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Implications of international Demand Response practices for Russia

Implications of international Demand Response practices for Russia


Enel Foundation has provided research guidance and scientific contributions for a comparative study conducted by Skolkovo Moscow School of Management on demand response mechanisms. Three international best practices of demand response – the PJM Interconnection in the USA, the UK National Grid and the IESO in Ontario (Canada) – have been selected and carefully analyzed to identify the opportunities for implementing a similar market mechanism and improve the current rules in Russia.

The research activity was carried out in collaboration with Enel X, which provided useful insights and expertise on real management of demand response across different markets, along with explanations of the peculiarities of each analyzed case study.

The analysis reveals how demand response resources can also play an important role in the Russian energy system and how the program can be successfully integrated into the wholesale market for electricity and for ancillary services. The first level of integration would be to introduce demand-side resources in the capacity market, as they can supply capacity volumes to cover peak demand. As a second step, consumers can be progressively involved in peak-shaving activities through demand-side mechanisms, for example when they can substitute for a more expensive generation.

The research highlights the importance of a flexible approach to this process, as the various types of demand-side resources can take into account differences in the ability and willingness of consumers to curtail their demand under different frequency and volume requirements. In fact, most consumers consider participation in demand response programs as a minor source of extra income and therefore are not always willing to modify their consumption patterns.

In addition, it is important to emphasize the role that aggregators play in the implementation of demand response programs: aggregators can take on obligations to reduce certain volumes of load, even before they have entered into contractual arrangements with specific final consumers, since some of these consumers might not be known in advance. Moreover, the aggregation of multiple final consumers allows the aggregator to create a diversified portfolio of resources which can fulfill demand curtailment obligations reliably and at lower cost than standalone resources.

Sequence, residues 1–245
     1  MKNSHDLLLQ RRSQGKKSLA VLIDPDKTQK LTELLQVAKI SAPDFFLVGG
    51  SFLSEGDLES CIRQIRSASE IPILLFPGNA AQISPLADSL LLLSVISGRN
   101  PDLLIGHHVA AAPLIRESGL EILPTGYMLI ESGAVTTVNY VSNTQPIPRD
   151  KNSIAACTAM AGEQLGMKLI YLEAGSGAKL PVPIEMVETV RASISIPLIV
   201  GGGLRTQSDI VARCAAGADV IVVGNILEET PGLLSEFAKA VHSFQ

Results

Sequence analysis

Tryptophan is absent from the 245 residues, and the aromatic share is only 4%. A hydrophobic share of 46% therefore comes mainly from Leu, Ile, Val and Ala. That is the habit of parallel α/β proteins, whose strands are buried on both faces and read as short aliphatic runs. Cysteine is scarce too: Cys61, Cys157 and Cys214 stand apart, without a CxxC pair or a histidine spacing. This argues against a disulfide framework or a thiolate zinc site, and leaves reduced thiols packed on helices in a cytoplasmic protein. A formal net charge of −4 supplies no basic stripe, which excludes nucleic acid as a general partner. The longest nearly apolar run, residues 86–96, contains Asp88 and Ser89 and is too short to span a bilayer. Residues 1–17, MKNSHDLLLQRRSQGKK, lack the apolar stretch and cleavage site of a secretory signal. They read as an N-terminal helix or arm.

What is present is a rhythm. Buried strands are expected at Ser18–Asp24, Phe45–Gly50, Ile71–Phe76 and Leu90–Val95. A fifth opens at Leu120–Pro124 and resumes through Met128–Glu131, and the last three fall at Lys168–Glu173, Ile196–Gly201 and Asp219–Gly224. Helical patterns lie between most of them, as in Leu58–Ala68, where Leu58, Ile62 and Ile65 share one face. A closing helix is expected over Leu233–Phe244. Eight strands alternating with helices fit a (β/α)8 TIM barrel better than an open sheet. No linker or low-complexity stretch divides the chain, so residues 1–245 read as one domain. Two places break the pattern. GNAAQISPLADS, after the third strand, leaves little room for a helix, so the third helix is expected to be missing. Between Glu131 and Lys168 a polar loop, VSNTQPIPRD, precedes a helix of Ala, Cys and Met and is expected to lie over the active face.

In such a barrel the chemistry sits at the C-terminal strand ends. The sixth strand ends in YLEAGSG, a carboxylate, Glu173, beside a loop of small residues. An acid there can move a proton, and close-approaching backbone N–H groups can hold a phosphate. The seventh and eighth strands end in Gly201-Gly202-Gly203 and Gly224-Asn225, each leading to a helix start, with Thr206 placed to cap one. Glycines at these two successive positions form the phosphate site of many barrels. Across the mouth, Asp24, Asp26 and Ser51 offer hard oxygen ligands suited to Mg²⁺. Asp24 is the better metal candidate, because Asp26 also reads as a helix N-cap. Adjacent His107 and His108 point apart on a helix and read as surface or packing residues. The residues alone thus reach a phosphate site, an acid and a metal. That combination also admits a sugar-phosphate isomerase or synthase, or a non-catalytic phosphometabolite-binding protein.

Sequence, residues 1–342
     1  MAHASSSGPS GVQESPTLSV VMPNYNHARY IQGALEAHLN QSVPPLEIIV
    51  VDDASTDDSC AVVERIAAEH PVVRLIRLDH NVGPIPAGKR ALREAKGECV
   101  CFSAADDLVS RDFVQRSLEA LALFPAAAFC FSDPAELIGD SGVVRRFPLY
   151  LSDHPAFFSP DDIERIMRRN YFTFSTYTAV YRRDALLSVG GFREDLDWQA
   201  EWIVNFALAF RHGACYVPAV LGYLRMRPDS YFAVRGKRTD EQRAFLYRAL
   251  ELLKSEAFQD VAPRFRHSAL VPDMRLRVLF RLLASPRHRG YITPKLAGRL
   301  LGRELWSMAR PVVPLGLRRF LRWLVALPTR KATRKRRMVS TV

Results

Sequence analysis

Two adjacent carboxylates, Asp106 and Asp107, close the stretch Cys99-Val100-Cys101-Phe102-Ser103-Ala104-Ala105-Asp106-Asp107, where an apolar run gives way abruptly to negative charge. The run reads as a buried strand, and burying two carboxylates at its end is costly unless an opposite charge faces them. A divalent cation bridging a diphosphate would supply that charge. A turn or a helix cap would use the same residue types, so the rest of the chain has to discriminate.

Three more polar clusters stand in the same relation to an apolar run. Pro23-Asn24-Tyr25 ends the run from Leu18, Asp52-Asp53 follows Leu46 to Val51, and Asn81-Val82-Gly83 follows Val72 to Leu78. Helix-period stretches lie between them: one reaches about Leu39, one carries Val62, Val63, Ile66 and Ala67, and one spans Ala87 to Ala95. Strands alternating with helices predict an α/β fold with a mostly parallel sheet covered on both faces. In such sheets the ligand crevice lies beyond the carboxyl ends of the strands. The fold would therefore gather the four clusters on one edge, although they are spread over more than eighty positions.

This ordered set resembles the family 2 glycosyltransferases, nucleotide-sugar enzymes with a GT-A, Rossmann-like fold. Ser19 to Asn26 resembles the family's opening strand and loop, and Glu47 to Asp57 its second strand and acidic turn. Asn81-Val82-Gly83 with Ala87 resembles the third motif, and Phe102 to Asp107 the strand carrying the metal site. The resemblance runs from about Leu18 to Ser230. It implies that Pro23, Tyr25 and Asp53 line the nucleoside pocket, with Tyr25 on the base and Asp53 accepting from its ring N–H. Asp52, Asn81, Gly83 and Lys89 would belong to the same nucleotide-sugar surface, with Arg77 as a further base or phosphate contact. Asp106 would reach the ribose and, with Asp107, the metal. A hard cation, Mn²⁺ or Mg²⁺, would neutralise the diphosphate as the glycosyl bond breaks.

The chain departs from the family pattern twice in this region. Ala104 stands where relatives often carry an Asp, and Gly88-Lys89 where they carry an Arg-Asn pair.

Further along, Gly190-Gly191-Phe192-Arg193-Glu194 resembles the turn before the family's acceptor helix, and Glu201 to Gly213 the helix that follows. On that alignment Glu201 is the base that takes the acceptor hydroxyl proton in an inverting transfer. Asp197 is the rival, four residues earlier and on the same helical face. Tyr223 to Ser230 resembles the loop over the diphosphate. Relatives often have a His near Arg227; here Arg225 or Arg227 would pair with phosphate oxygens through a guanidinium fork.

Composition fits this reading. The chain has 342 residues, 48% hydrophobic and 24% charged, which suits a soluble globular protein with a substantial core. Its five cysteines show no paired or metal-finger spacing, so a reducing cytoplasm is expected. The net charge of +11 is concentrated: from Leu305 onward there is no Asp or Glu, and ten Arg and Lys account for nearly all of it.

Auctions represent a transparent and cost-effective way to select the most competitive providers of demand response. Regarding the auction process design, the rules must be very clear, and known far in advance. Auctions can cover the mid-term horizon (3-4 years before the delivery date) and nearer-term corrections (1 year before starting). In parallel, specific program conditions (period, duration and volume of curtailment, etc.) can be revised as experience is gained, the pool of participants expands, and the needs of the energy system evolve.

Finally, it is worthwhile to note that in the international best practices analyzed from the USA, UK and Canada, demand response resources most often play a role of “insurance”, rather than being frequently used. This is because requiring too many dispatches strongly discourages participation in these programs, reducing their scale and raising their costs.

International Demand Response Practices: Implications for Russia

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